Unfortunately, Mr. Obama's desire to work through the United Nations has only substituted one source of delay and unaccountability for another. While he wasted weeks negotiating with the Arab League, NATO allies and finally the U.N. Security Council to win the international approval he so desperately seeks, Moammar Gadhafi reversed his battlefield losses and drove the rebels into one last holdout in Benghazi. The Constitution centralized the management of war in the president precisely to avoid the delays and mistakes of decision-making by committee. While Mr. Obama has done well to part ways with antiwar Democrats, he has shown that he still has to learn the ways of the executive.

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Libya Post-Mortem by NY Times' Paris Bureau Chief

Post by Pat »

[Originally posted by Pat » Mon Sep 19, 2011 10:01 am]

New York Times – 9/5/2011 – Sunday Review Opinion Pages – News Analysis

Libya’s Dark Lesson For NATO
By Steven Erlanger – NY Times’ Paris Bureau Chief

THE war in Libya may be one of those quietly telling moments in the history of more important nations. For the first time, the United States has taken a secondary role — “leading from behind,” if “leading” is even the right word — in a war prosecuted by the NATO alliance and driven by Britain and France, the two strongest military powers in Europe.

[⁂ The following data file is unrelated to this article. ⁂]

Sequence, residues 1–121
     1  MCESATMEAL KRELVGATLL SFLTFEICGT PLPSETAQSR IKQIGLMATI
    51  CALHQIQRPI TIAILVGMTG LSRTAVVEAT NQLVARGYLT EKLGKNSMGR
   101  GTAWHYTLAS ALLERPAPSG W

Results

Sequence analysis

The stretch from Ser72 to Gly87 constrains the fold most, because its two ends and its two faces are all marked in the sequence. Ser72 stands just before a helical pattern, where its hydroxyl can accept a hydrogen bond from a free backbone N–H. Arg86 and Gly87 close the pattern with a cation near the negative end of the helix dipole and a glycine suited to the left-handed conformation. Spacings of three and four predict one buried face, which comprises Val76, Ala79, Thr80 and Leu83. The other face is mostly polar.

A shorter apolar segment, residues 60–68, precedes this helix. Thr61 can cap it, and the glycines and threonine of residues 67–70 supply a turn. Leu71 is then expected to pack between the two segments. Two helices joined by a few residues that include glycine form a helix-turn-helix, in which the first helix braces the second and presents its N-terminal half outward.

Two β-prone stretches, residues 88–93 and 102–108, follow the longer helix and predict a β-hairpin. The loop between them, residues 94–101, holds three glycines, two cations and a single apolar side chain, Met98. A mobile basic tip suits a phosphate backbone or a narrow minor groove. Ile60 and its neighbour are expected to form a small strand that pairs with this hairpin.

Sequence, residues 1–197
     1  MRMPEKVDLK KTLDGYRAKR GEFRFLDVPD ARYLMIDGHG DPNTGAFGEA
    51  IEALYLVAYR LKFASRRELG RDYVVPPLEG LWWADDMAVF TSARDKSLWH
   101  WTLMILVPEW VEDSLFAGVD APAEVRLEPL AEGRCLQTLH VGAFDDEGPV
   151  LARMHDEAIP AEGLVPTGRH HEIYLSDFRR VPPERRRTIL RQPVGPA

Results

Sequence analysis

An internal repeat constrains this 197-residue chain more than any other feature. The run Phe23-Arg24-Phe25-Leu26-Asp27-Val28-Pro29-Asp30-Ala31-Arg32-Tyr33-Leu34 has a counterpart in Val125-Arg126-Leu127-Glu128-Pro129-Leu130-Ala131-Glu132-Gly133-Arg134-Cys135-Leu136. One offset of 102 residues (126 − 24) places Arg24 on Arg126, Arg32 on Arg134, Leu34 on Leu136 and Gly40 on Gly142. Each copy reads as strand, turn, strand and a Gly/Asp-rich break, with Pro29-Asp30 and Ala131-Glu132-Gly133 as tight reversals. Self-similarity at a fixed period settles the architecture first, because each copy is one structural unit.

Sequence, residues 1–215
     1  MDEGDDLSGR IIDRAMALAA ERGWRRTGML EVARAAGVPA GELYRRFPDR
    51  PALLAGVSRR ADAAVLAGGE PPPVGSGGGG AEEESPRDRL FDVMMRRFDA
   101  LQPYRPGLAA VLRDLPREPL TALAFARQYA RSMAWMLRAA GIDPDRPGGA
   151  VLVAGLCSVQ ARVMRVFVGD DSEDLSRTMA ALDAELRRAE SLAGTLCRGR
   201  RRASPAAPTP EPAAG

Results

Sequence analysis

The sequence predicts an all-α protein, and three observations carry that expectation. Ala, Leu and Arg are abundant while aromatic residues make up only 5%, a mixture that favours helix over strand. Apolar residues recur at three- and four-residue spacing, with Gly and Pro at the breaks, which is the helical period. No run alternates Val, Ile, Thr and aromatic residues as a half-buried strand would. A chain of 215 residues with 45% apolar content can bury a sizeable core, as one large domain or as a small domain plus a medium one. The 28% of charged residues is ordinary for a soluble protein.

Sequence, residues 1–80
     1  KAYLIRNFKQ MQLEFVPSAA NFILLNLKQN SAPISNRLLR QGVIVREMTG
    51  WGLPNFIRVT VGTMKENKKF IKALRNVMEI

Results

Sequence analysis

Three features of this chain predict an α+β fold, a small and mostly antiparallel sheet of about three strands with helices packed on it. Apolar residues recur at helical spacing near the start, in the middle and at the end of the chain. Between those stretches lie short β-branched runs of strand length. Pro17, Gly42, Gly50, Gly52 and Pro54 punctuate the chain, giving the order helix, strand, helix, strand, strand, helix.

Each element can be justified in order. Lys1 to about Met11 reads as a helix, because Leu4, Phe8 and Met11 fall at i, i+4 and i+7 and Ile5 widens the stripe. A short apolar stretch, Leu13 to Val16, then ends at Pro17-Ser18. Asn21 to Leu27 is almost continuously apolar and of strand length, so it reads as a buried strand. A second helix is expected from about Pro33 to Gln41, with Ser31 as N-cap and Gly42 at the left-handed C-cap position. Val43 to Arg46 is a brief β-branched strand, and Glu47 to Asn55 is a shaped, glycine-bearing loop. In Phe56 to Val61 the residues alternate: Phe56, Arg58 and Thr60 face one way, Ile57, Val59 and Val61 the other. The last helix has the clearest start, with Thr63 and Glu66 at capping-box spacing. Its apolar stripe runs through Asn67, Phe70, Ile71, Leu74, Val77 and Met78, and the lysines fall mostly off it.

But oh what a war! More than six budget-busting months against one of the weakest militaries in the world, with shortages of planes, weapons and ammunition that were patched over by the pretense that NATO was acting simply to “protect civilians,” when it was clear to everyone that the alliance was intervening on one side of a civil war. All resemblances to the Kosovo war, of course, are a priori inadmissible. That was the war — 78 days of bombing Serbia and thousands dead before Slobodan Milosevic finally capitulated — when NATO said: “Such a success, never again!” Yet here we are — with the “responsibility to protect” the new mantra, replacing Kosovo’s “humanitarian intervention.” Both are debatable, given the failure to intervene in the separatist Russian republic of Chechnya then and Syria, Bahrain or Yemen now.

Libya has been a war in which some of the Atlantic alliance’s mightiest members did not participate, or did not participate with combat aircraft, like Spain and Turkey. It has been a war where the Danes and Norwegians did an extraordinary number of the combat sorties, given their size. Their planes and pilots became exhausted, as the French finally pulled back their sole nuclear-powered aircraft carrier for overdue repairs and Italy withdrew its aircraft carrier to save money.

Only eight of the 28 allies engaged in combat, and most ran out of ammunition, having to buy, at cost, ammunition stockpiled by the United States. Germany refused to take part, even in setting up a no-fly zone.